I’ve always been a bigger fan of nonfiction than fiction. Especially after becoming a stay-at-home mom, I felt like I needed to keep my brain active; to learn more. But, reading fiction is just as important. As studies show, reading fiction creates empathy, allows us to think about big things in new perspectives, and introduces us to worlds and people we may not gravitate to in real life.
I’m always on the lookout for good fiction – stories that draw me in with characters I can relate with but also with plots in which I learn something new. Gone are the days when I really enjoyed fluff beach reads – I have precious minutes each day to read and I want to use them wisely.
While I still lean heavily toward nonfiction, I wanted to share a few fiction books I’ve read recently that I wanted to pass along:
Just Life by Neil Abramson
This story of animals, community, politics, and a potential super-virus is woven in such a way that I couldn’t stop thinking about what would happen next. Topics of politics and panic, ethical science, human vs. animal life, and the unconditional faithfulness of pet ownership made this a fascinating read. It made me think about our responses to certain viruses now that we don’t know much about. It made me think about our response to saving humans at the cost of animals – regardless of threat. And it made me reflect on how much we can learn when we stop and listen. It’s a fast-paced read with a bit of the supernatural thrown in to keep you on your toes. I’d definitely recommend this one to dog lovers.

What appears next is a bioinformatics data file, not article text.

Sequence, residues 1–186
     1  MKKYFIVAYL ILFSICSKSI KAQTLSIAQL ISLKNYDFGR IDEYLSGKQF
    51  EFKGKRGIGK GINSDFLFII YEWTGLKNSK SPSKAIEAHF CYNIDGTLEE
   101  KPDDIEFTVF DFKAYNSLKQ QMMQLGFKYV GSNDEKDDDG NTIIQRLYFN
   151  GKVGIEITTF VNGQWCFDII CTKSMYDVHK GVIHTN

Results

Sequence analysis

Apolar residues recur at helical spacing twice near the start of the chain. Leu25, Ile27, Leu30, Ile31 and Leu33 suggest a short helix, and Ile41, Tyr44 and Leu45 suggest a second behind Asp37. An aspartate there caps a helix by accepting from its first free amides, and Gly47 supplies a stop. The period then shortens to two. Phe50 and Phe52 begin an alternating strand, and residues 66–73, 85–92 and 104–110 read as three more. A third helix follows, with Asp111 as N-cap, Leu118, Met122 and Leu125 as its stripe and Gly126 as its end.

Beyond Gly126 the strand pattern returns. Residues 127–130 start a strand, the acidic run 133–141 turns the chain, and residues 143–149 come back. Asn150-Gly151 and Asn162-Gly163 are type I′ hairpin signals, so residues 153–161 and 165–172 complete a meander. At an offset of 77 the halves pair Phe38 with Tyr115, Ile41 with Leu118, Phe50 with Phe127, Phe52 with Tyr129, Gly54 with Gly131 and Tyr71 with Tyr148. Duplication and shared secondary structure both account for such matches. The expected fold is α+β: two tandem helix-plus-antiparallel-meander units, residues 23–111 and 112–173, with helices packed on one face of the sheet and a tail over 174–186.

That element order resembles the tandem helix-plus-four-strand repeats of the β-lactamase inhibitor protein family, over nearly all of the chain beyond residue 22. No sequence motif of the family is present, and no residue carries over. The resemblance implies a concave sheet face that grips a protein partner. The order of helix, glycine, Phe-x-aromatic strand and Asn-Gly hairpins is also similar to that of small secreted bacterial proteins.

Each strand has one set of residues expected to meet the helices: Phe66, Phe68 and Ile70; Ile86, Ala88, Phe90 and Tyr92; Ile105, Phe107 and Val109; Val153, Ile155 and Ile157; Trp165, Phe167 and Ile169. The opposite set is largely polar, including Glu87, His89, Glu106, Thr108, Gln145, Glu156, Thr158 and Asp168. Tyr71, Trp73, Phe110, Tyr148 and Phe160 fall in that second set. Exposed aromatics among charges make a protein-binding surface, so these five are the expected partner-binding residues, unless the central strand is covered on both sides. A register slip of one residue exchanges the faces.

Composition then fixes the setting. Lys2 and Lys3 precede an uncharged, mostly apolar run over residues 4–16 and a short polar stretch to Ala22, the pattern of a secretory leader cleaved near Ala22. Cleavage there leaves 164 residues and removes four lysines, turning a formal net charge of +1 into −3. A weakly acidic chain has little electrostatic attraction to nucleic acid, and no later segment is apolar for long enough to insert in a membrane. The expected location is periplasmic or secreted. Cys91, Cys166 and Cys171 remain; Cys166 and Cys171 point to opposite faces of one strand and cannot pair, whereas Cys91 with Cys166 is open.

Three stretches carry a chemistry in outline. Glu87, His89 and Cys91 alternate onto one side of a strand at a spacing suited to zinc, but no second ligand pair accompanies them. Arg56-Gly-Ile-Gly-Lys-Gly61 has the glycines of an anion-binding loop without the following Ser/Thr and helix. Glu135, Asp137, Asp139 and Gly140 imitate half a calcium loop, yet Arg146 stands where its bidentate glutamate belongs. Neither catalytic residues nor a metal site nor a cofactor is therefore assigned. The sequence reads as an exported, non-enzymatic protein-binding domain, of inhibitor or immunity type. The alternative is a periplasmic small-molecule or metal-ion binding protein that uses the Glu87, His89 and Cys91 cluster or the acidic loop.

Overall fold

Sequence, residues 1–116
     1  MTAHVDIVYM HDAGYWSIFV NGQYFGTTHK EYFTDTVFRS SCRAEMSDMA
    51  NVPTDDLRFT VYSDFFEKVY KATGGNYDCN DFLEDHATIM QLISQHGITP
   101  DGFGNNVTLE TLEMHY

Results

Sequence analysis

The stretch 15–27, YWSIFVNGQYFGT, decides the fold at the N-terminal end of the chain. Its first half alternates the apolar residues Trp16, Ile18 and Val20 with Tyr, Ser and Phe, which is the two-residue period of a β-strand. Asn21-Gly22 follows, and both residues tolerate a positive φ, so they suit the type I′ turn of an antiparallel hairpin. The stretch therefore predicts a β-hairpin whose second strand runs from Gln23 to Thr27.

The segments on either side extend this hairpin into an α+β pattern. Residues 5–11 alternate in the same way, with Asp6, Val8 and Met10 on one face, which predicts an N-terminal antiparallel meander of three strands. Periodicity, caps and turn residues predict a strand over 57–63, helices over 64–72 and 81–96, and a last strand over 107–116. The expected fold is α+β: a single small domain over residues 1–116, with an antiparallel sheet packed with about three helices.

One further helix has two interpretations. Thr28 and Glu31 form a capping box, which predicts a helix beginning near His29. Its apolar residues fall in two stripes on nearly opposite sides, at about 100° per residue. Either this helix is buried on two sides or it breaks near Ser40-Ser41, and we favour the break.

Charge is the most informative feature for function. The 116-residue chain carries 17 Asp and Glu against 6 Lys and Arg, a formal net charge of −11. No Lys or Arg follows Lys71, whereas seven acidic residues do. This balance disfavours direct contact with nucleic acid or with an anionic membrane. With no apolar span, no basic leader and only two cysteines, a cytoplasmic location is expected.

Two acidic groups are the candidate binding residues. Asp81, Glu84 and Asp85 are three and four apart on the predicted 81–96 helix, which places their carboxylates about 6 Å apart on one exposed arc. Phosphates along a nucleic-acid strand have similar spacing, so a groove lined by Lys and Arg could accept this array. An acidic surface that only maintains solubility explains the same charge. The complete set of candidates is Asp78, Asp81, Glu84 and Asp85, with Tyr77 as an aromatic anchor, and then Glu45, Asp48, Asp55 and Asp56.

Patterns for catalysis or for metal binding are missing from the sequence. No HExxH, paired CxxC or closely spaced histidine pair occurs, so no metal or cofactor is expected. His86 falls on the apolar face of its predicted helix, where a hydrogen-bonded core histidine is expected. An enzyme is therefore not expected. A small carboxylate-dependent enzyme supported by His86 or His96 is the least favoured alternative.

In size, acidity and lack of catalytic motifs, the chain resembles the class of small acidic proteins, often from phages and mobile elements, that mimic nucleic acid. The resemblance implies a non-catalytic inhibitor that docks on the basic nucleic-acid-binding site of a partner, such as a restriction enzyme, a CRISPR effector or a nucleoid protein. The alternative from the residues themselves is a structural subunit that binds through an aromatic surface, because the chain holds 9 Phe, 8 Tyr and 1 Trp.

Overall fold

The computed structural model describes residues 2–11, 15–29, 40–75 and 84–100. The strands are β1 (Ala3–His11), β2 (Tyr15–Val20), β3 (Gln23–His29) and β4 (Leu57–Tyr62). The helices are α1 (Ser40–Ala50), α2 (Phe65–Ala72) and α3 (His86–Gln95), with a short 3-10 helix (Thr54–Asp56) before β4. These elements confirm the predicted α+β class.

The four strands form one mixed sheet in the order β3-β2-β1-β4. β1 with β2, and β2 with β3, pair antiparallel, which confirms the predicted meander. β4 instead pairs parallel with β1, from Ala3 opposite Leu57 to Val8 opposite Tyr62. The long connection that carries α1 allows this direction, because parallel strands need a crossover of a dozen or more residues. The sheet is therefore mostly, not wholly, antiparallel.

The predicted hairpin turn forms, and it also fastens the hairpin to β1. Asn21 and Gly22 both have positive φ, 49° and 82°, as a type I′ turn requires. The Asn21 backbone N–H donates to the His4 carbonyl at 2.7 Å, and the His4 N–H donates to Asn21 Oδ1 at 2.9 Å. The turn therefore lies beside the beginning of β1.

Note: I was given a copy of this book by the publisher for review purposes. All opinions are my own.
Island Beneath the Sea by Isabel Allende
Published in 2010, this has been on my to-read list for ages and I’m sad I waited so long to read it. It’s a long story but one I was sad to see end. Allende creates a world of slaves and owners and promises of freedom that keep you anxious and waiting. It’s a realistic look at the Caribbean slave trade and its effects on America’s own view of slavery. Allende’s writing is powerful and her ability to connect the reader to her characters is inspiring.
Esperanza Rising by Pam Munoz Ryan
Another oldie that is incredibly powerful, given today’s climate of immigration reform and views of why people leave their homes. This YA novel is one I have seen in school libraries for years but just never picked up. I’m so glad I did. This novel most embodies the idea that reading fiction teaches empathy for real-world issues.
Clearly I’m behind in reading up-to-date novels. Any suggestions? What are you reading these days? And, are you more of a fiction reader or a nonfiction fan?